Thursday, March 12, 2009

Mark My Ear

I get confused about earmarks. Sometimes I think maybe they’re some kind of tattoo. Then I get mixed up, wondering if it's the same thing as pork, and if somebody is trying to make a silk purse from a sow’s earmark. Thankfully, Congress knows the difference and can pass legislation like the current fiscal year budget, a physical year late, of $410 billion, which includes, according to Taxpayers for Common Sense, 8,570 “disclosed” earmarks totaling $7.7 billion. President Obama signed the bill, calling it “imperfect.”

Three Republicans joined the Democrats in passing the bill in the U.S. Senate, Richard Shelby of Alabama, Thad Cochran of Mississippi, and Olympia Snowe of Maine. Taxpayers for Common Sense reports Sen. Shelby added 64 earmarks accounting for $114 million in the budget, and Sen. Cochran 65 earmarks for $76 million. Sen. Snowe was not associated with any earmarks .

Don’t be misled into thinking voting for the bill was the price paid for bringing home the bacon for the folks that elected you. Senate Minority leader Mitch McConnel held his Republican Caucus close against passage of the bill, though he added 36 earmarks of his own worth $51 million to his fellow citizens of Kentucky.

Rounding out the top five total ear markers who voted against the budget bill were Kay Bailey Hutchinson of Texas, Jim Inhofe of Oklahoma, Bob Bennett of Utah, and Sam Brownback of Kansas, who contributed 35, 34, 23, and 21 earmarks respectively. For total price-tag of earmarks among opponents, Inhofe led the list with $53 million, followed by Minority Leader McConnell, again, ($51 million), Mel Martinez of Florida ($18.8 million), Bennett ($18 million), and George Voinovich of Ohio ($13.5 million).

Other Republicans voting against the bill but not before remembering to front-load a little something for the pork lovers back home were both Georgia Senators Saxby Chambliss and Johnny Isakson. Here‘s the rest of the list of ear markers who voted nay:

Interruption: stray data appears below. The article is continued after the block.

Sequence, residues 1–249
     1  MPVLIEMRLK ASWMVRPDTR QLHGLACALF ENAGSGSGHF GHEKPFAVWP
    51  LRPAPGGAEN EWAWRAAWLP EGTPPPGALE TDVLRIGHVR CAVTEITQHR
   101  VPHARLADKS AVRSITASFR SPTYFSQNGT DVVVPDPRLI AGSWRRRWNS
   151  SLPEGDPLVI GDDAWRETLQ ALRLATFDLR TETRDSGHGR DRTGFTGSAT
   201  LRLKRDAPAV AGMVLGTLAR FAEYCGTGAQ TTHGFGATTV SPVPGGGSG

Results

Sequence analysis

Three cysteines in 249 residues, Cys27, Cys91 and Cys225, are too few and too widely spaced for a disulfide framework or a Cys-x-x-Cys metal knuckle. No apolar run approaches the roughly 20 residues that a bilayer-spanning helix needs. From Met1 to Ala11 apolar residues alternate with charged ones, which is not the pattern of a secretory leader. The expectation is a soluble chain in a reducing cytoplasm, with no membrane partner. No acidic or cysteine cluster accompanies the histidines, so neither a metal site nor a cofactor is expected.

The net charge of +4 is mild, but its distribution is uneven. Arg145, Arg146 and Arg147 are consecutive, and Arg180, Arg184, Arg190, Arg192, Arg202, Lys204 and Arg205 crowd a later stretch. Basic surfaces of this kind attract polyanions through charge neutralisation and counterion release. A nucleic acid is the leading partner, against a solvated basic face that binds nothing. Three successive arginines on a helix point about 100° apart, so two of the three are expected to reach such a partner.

Lindsey Graham (South Carolina), Jon Kyl (Arizona) Jeff Sessions (Alabama), John Thune (South Dakota), David Vitter (Louisiana), Richard Lugar (Indiana), John Barrasso (Wyoming), John Cornyn (Texas), Pat Roberts (Kansas), Judd Gregg (New Hampshire), Mike Enzi (Wyoming), Richard Burr (North Carolina), Bob Corker (Tennessee), Jim Bunning (Kentucky), Orrin Hatch (Utah), Susan Collins (Maine), Chuck Grassley (Iowa), and Mike Crapo (Idaho). Democrat Evan Bayh (Indiana) also voted against the bill that contained his own earmarks.

What is this? A cable-tv episode of The Last Comic Standing? The things elected officials say for the news media. They are joking, right? They just make me fall down laughing. Hall of Fame humorist Will Rogers said he did not like to compete with dedicated professionals like Congress. Or maybe it’s what Tennessee Williams, not a Congressman, called “the smell of mendacity.”

Copyright 2009 by William C. Cotter

3 comments:

Tina said...

"Earmarks" may include projects that are much needed in certain communities. Our congressman, Jim Marshall, has done a lot for rural hospitals, for example.

Paw Paw Bill said...

I have nothing against "earmarks" myself. I just wish Republicans would not lie about them.

annette cotter said...

I'm not sure most of the flap about "pork" and "earmarks" is not an election tactic of John McCain, which is "invent an enemy, insist that it is the cause of all our troubles, and be rabidly against it". It is, of course, a simplistic analysis, but one easily bought by people who believe the problems in their lives are caused by the gov'mint. I wonder this: Does Shelby believe his constituency cannot connect the dots between railing against "earmarks" AND proposing many "earmarks" and bringing home to Alabama mucho bacon? Scarier than that, is Shelby right?

 

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